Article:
He’d been willing to put on a bomb and sacrifice himself, he told authorities after his arrest, though he told them at another point he just wanted to “feed the children” in Syria. But frustrated that he didn’t getting more help crossing the border, Redzepagic returned to the U.S., the complaint says.

“Since I got back from Turkey from trying to perform jihad and join Jabhat al-Nusra the CIA has been bothering me,” he wrote to a Facebook contact in October 2015, the complaint says. “It’s annoying but I out smarted them.”

The CIA declined to comment Saturday on the case.

He also told various Facebook contacts that “I just don’t like this country,” apparently meaning the U.S., and that “jihad is the best for u,” according to the complaint.

“There will come a time where people will only know to say Allahu akbar,” he wrote in one message, using the Arabic phrase for “God is great,” says the complaint.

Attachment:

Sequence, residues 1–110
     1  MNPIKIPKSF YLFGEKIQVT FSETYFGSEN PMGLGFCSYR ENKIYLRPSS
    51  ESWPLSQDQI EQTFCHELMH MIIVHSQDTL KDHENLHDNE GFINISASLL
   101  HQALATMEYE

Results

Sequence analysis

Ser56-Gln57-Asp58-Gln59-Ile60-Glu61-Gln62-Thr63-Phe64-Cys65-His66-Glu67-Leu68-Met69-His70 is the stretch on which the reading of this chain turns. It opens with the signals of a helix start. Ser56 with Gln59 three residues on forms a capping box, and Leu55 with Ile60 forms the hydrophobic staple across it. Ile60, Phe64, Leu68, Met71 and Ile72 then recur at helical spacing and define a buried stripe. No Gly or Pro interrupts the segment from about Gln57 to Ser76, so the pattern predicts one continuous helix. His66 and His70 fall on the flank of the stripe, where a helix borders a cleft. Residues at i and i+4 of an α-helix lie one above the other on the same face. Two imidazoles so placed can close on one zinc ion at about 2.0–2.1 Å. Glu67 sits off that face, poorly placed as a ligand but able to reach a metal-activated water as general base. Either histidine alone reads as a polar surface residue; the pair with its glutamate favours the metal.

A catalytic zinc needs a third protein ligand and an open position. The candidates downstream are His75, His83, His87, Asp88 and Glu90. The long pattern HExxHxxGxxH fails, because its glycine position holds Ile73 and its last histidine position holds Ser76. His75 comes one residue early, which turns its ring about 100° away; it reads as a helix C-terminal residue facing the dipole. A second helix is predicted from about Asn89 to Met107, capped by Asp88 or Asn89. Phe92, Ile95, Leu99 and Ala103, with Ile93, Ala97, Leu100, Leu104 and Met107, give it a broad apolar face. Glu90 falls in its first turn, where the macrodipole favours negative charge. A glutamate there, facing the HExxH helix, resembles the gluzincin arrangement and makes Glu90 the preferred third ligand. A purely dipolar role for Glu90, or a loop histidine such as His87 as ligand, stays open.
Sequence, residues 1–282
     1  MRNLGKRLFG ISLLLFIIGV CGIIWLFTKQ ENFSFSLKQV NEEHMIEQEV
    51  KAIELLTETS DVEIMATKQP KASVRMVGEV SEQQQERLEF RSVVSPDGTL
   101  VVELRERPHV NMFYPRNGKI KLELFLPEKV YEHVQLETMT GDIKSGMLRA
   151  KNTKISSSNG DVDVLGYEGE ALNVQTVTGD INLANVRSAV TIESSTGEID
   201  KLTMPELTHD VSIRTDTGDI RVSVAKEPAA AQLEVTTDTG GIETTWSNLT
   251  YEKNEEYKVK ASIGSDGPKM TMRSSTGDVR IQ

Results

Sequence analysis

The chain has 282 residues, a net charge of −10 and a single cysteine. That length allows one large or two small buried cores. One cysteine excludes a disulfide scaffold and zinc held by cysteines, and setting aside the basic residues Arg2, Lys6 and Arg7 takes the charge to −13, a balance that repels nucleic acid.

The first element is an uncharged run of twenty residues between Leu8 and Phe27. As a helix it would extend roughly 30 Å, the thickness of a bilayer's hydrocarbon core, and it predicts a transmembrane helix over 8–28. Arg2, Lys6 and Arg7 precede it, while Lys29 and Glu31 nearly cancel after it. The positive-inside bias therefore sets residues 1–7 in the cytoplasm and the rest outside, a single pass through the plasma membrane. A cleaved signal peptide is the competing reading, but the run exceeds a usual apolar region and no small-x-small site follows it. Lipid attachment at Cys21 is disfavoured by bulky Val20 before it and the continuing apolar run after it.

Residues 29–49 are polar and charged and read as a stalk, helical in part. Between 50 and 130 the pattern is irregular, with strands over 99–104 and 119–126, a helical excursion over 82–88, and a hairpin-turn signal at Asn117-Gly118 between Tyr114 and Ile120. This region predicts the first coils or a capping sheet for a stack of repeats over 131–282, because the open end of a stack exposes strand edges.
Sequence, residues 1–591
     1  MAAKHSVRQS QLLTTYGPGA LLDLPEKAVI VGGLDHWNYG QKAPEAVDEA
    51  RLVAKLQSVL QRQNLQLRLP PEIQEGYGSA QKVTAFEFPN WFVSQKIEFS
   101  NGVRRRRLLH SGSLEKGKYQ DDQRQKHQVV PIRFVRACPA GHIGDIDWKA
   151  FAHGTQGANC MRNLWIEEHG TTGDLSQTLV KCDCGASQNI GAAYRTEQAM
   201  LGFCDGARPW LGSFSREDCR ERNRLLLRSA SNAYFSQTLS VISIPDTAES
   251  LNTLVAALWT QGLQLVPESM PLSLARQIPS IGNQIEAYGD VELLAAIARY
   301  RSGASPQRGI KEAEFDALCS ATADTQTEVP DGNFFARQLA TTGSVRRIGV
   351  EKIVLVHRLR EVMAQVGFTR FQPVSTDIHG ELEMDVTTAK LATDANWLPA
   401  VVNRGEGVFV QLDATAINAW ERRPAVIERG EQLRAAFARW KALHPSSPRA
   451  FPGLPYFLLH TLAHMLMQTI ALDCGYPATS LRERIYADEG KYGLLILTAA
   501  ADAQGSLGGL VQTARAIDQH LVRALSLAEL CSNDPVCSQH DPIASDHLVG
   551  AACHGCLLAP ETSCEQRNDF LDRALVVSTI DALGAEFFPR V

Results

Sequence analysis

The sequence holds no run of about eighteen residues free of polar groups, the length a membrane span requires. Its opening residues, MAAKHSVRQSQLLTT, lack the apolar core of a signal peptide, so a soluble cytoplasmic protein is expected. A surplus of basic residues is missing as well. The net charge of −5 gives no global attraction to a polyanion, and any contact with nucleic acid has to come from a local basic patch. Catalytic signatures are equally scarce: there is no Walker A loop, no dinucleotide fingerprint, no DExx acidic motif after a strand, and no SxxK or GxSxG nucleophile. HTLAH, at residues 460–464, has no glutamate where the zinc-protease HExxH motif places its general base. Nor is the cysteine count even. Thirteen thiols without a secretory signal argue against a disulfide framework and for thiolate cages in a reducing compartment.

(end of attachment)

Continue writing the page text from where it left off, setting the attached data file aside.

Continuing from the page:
Redzepagic went to Jordan last August to try again to get to Syria, but Jordanian officials stopped him and asked why he wanted to go there. He said he wanted to study Arabic, the complaint says.

It says he then told the same to U.S. Customs and Border Protection officials, who found he had electronic files about jihad. He said he’d downloaded them two years earlier, the complaint adds.

It’s not immediately clear whether he remained on federal authorities’ radar between then and his arrest in February. Long Island police notified federal authorities about the arrest, and although he was released without bail on the minor charge, he willingly continued talking to federal agents and let them scrutinize his phone, laptop and Facebook account, the complaint says.